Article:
Sunlight may destroy the novel coronavirus, but it also damages skin and can cause cancer.
There are three types of UV rays emitted by the sun—UVA, UVB, and UVC. UVC light is blocked by Earth’s atmosphere, but UVA rays and some UVB rays reach Earth’s surface.
One recent study tested whether UVB rays could affect the novel coronavirus. In order to control the environment, the study team simulated sunlight with a lamp that emitted only UVB rays and exposed surfaces to the lamp’s light. The simulated sunlight destroyed the novel coronavirus in less than 20 minutes.
More studies are needed to confirm this result, and unlike in the study, the amount of UVB light that reaches Earth’s surface is not constant—it depends on many factors, including time of day and time of year. But regardless of how quickly UVB rays may affect the coronavirus, it is important to note that the study looked at the effect on surfaces, not on people. UV radiation, which most often comes from the sun, is dangerous to people because it damages skin cells. Exposure to UV radiation is the main factor in developing skin cancer.
In other words, exposing your skin to the sun’s UV rays could destroy any coronaviruses present, but it will damage the DNA in your skin’s cells. Over time, the effects of that damage build up and make the cells more likely to develop into skin cancer.
Wear sunscreen to protect your skin from the sun’s UV rays.
Sunscreen protects your skin by reducing the amount of UVB and UVA radiation that reaches the cells. For best results, use a broad-spectrum sunscreen with SPF 30 or higher, and use enough sunscreen to cover the skin thoroughly. Apply it as often as recommended on the package or at least every 2 hours. It will need to be reapplied more often after being in water, sweating, or toweling off.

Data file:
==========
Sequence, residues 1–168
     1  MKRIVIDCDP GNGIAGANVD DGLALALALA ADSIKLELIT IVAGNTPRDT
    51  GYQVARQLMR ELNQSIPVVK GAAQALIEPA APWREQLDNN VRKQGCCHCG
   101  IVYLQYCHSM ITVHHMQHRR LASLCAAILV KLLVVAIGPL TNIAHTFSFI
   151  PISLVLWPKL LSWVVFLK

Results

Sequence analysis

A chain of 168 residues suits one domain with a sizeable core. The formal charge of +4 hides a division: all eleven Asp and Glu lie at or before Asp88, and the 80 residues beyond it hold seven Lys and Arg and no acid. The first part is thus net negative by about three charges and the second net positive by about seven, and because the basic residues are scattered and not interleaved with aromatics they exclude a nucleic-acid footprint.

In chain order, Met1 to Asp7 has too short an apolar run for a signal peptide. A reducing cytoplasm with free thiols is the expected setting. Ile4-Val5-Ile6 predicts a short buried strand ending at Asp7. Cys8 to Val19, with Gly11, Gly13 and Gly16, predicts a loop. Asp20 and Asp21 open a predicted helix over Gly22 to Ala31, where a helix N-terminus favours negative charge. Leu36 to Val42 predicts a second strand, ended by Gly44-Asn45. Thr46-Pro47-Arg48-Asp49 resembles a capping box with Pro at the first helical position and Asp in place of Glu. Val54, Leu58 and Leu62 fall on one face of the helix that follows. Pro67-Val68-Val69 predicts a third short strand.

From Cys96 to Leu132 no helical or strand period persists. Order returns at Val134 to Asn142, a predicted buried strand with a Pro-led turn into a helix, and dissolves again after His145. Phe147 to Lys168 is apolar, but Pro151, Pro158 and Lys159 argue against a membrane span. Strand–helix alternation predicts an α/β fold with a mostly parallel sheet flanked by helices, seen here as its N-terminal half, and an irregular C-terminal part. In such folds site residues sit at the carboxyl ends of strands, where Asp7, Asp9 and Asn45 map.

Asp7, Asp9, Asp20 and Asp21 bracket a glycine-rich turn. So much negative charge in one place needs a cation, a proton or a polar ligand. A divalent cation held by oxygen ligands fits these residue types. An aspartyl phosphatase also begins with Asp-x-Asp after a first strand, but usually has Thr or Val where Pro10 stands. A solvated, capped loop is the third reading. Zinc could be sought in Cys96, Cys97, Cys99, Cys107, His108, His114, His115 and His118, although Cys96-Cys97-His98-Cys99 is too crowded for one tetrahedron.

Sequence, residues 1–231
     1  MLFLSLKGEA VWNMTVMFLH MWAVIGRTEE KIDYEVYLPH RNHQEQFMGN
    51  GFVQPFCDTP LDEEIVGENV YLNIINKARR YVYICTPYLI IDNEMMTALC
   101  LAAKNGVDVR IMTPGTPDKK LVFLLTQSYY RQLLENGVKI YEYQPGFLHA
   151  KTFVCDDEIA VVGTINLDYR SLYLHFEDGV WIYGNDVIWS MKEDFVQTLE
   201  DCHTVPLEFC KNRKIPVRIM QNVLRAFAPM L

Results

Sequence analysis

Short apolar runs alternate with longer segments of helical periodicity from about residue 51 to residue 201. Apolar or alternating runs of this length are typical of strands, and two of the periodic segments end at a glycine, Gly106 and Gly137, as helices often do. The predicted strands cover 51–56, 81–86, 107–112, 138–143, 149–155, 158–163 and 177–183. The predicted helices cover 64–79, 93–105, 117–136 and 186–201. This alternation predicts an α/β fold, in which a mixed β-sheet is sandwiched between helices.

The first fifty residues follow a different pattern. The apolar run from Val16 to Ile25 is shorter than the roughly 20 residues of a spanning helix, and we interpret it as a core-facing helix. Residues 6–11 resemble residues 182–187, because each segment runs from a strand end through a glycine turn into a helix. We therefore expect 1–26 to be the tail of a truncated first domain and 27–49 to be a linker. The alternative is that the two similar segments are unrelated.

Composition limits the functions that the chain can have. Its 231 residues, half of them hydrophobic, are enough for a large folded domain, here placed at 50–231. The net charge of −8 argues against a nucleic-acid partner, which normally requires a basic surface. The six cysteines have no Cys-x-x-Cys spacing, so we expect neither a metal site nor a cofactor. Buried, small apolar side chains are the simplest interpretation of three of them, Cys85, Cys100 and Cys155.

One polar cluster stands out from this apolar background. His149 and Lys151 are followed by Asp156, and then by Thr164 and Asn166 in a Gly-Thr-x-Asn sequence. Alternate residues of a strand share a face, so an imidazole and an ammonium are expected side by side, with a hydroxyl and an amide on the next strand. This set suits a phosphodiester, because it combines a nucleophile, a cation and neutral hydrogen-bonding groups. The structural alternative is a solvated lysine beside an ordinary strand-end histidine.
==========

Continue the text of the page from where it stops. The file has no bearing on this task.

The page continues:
Wearing protective clothing, a hat, and sunglasses also helps protect you from the sun’s UV rays. Sun protection is especially important for children because UV exposure early in life has been linked to a higher risk of skin cancer later on.
Medical experts also recommend reducing UV exposure when possible to decrease skin cancer risk. Stay inside or in the shade during mid-day, when UV rays are most intense. One rule of thumb is that if your shadow is shorter than you are, it is a high-UV time of day.
Washing with soap and water removes the novel coronavirus from your skin.
You can easily remove any coronaviruses on your skin by washing with soap and water because soap bubbles break apart coronaviruses. Scrub for 20 seconds and rinse well to get the virus off your skin.
Because your hands come into contact with many surfaces each day, it’s particularly important to wash them often. Washing your hands frequently reduces the spread of germs between people and surfaces.
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- CDC – Coronavirus (COVID-19), How to Protect Yourself &Others
- World Health Organization – Coronavirus disease (COVID-19) Pandemic
- National Academies of Sciences, Engineering, and Medicine – Coronavirus Disease 2019 (COVID-19) News and Resources
- American Public Health Association – Preventing Coronavirus
- American Academy of Dermatology – Sunscreen FAQs
- American Cancer Society – Be Safe in the Sun
Published on: June 30, 2020